A ten-year study on childhood tuberculosis case notification and | 28925
Pediatrics & Therapeutics

Pediatrics & Therapeutics
Open Access

ISSN: 2161-0665

+44 1478 350008

A ten-year study on childhood tuberculosis case notification and treatment outcomes in the Sidama Zone, Ethiopia

3rd International Conference on Pediatrics

May 18-20, 2015 San Antonio, Texas, USA

Mesay Hailu Dangisso

University of Bergen, Norway

Posters-Accepted Abstracts: Pediat Therapeut

Abstract :

Background: Childhood Tuberculosis (TB) is a public health concern causing considerable morbidity and mortality. However, the focus on childhood TB is compromised due to challenges associated with the diagnosis and treatment. Understanding the burden of the disease among children is important to assess the ongoing transmission of the disease in a community and improving TB control efforts. This study was carried out to assess TB Case Notification Rates (CNRs) and treatment outcomes in children aged less than 15 years over a ten-year period. Methods: Data were collected from unit TB registers from all health facilities providing TB treatment in the Sidama Zone in Ethiopia. We analysed the CNRs and treatment outcomes by age category, gender, and place of residence. We used logistic regression analysis to identify factors associated with treatment outcomes and control for confounding. Results: A total of 4,656 children less than 15 years of age were notified as diagnosed and treated for TB, constituting 13% of all notified TB cases in the study area. The mean CNRs per 100,000 children <15 years for all new cases of TB, rural cases, urban cases, in boys, and in girls were 30, 28, 67, 28, and 32, respectively. The proportions of treatment success were 82% for new and 77% for retreatment cases for the entire study period and increased to 93% for new cases in 2012 (X2trend, P<0.001). Age groups less than five years had less treatment success [adjusted odds ratio (AOR) 0.64 (95% CI, 0.52-0.80)] and higher deaths [AOR 2 (95%CI, 1.27-3.12)]. The proportion of children who died in the <2 age group was three times higher than in the â�?¥2 year group. [AOR 3.34 (95%CI, 1.92-5.82)]. The proportion of girls was higher than boys in 10-14 year age group. Conclusion: Compared with other studies from Africa the CNR in younger children was low in the Sidama Zone and TB among young children may be underdiagnosed. We also found a higher mortality during treatment among younger children. Concerted effort therefore should be made to improve diagnostic facilities for childhood TB and targeting intervention for high risk groups for poor treatment outcomes.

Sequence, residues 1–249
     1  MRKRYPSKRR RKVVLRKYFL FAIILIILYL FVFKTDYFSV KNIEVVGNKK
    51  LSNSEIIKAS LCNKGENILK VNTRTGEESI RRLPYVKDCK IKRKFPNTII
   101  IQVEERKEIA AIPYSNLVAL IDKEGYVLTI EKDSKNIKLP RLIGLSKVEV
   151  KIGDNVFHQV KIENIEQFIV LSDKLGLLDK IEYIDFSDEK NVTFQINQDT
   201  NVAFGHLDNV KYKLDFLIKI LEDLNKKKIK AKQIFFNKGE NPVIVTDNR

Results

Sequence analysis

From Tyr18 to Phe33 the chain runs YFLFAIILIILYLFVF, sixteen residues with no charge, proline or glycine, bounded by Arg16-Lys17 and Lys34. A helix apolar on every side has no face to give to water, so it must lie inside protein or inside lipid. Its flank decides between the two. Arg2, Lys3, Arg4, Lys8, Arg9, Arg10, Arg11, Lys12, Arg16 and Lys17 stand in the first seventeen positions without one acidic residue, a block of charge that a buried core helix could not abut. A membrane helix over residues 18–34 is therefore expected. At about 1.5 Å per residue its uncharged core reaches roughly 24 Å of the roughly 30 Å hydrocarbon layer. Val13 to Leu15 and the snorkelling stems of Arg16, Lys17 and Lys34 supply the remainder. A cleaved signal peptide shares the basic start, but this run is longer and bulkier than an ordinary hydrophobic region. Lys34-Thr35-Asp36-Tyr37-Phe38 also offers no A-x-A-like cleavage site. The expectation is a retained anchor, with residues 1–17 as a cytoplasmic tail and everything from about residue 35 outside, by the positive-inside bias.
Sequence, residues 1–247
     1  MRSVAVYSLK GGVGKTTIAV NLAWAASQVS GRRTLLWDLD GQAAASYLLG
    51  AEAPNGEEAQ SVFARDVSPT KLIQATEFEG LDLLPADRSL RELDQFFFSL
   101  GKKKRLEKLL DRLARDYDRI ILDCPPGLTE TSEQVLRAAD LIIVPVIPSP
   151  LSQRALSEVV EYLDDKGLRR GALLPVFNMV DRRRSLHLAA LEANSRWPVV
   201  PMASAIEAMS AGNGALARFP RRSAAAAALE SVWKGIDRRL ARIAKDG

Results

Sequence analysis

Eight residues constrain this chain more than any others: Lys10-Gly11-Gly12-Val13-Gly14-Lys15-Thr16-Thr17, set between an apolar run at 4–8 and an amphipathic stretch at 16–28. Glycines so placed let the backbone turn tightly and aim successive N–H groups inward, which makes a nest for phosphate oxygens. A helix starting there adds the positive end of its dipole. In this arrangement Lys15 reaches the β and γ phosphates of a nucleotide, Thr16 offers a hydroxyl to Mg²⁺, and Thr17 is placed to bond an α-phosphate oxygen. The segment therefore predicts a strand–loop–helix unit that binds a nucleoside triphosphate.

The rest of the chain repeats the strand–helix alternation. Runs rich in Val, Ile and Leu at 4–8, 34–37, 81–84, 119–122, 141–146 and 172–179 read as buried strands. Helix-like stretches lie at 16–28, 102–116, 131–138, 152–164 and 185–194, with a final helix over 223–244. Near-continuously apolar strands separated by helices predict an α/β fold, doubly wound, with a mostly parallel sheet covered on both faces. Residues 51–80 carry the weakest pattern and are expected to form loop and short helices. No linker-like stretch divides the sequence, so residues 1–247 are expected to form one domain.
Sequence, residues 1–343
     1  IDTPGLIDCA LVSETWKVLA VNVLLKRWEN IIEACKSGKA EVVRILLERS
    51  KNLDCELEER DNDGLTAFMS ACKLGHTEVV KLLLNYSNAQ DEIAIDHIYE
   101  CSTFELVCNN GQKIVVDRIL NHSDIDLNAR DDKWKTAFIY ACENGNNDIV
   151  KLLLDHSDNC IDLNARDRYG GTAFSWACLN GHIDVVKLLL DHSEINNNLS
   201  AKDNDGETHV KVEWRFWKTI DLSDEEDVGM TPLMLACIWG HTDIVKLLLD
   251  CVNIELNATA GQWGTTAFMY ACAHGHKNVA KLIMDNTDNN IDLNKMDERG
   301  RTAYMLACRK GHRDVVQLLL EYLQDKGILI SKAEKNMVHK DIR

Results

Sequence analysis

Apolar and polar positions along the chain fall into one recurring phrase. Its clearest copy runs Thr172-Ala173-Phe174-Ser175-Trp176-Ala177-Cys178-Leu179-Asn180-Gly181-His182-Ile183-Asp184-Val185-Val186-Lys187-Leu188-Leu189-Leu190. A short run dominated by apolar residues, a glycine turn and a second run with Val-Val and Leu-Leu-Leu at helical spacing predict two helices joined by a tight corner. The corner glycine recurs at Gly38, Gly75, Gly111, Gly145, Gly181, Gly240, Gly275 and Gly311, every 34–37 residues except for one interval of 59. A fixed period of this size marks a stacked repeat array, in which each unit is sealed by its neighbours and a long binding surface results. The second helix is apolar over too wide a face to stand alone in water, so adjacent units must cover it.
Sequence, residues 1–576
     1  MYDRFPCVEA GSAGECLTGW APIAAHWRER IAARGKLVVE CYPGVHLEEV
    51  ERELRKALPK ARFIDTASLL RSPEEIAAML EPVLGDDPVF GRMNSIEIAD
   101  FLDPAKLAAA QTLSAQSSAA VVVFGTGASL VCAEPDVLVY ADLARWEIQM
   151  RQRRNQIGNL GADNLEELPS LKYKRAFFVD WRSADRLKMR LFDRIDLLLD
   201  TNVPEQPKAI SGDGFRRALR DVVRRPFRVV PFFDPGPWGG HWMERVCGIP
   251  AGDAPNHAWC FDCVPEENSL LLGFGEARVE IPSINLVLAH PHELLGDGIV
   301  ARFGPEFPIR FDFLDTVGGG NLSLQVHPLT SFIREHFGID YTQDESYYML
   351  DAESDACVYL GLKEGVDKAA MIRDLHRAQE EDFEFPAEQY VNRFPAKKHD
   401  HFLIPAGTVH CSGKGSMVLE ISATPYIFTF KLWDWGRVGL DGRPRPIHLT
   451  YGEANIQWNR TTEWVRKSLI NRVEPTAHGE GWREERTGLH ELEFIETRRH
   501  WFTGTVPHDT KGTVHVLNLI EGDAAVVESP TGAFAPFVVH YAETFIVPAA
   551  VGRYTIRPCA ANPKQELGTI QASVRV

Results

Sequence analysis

Biography :